The Yankees have a long history of coveting arms that pitched well against them. A.J. Burnett, Randy Johnson, and David Wells jump to mind. You can even count Cliff Lee among that group, as the team tried its hardest to land the southpaw. By that logic, one would expect Dallas Keuchel to draw interest from the Bombers. In eight starts against them, he owns a 2.22 ERA with a 9.1 K/9 rate. With an open spot in the rotation after the Patrick Corbin non-signing, wouldn’t Keuchel make sense for the Yankees? Maybe not so fast.
Keuchel, 30, logged 204.2 innings in 2018. He pitched to a 3.74 ERA with okay peripherals. His 3.69 FIP looked fine, but his 6.73 K/9 rate sat below his career norms. He also registered his lowest groundball percentage (53.7%) since breaking into the big leagues in 2012. Keuchel’s 3.6 fWAR represented his best value-added total since his Cy Young campaign in 2015, but he exhibited some serious signs of decline.
While never one to miss bats, Keuchel thrived instead by inducing groundballs and limiting hard contact. His ability to successfully do that, however, has decreased over the last few years.
In that chart, a pitcher wants the two points for a given year to stay far away from each other. The closer they are, the worse he likely performed. Keuchel saw a precipitous drop in groundball percentage last year, which calls for red flag number one. His steady, albeit less pronounced, increase in hard contact should also raise some eyebrows. Package these two factors together and one can see a pitcher staring down a decline phase.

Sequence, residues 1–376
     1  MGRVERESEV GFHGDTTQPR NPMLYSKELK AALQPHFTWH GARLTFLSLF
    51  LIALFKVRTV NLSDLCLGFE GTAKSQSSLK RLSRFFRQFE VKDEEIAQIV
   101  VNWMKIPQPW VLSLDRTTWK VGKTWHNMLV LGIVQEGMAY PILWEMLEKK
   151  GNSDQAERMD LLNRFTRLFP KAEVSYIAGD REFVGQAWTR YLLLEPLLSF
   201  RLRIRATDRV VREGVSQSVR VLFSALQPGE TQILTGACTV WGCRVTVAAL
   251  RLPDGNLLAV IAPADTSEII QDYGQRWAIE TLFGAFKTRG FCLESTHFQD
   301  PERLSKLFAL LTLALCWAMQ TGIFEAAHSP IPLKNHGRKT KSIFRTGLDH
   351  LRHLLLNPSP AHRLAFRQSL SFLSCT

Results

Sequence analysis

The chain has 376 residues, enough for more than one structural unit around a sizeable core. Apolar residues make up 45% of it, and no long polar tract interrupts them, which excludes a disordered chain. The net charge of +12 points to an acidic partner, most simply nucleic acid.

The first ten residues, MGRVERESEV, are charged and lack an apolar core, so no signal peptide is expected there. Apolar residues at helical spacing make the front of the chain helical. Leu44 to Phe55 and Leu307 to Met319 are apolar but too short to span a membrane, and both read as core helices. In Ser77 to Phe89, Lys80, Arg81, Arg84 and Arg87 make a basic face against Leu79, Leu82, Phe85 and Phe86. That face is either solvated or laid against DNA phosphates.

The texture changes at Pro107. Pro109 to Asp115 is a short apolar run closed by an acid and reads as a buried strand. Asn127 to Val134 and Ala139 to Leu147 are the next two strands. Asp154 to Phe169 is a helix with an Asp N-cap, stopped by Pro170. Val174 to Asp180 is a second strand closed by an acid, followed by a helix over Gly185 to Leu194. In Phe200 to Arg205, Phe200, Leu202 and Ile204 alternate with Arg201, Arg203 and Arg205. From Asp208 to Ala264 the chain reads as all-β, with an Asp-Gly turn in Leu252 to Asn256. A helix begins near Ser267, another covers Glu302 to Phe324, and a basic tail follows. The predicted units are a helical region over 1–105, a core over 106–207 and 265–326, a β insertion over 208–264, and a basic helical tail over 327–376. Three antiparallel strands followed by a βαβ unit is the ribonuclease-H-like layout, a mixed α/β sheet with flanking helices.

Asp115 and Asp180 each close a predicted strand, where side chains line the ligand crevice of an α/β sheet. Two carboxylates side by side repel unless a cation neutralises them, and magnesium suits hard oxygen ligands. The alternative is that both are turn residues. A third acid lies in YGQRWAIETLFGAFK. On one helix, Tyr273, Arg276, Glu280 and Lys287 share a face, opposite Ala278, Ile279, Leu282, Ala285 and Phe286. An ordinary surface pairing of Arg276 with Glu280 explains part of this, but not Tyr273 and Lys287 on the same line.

Keuchel’s other calling card is his pinpoint precision. He established a reputation for having masterful command. His ability to locate, however, has dropped from elite to league average over the last few seasons.
Given the quality of his stuff, Keuchel has a razor-thin margin for error. He needs to live on the edges of the zone to be successful. If he’s forced to throw strikes down the middle, batters might tee off. It could get ugly.
The good news for the Yankees, however, is that they won’t need Keuchel to pitch at the top of the rotation. Luis Severino and James Paxton can share that role. Instead of leading a staff, Keuchel can settle in as a mid-rotation arm, like his position in Houston last season.
So how much will Keuchel cost? MLB Trade Rumors predicted a four-year, $82 million deal for the southpaw. FanGraphs’ crowdsourcing came close to that, projecting a four-year pact worth $79 million. Would the Yankees pay that much for a pitcher with so many decline-related red flags after passing on Corbin? That remains to be seen.
As things stand, Keuchel is a good, but not great, pitcher. He shook off some injury concerns last year to have a strong season, but the warning signs are there. They exist below the surface level and can pop up at any moment. He’s not a bad idea for a mid-rotation type, but anyone expecting ace-level production like the 2015 run will be disappointed.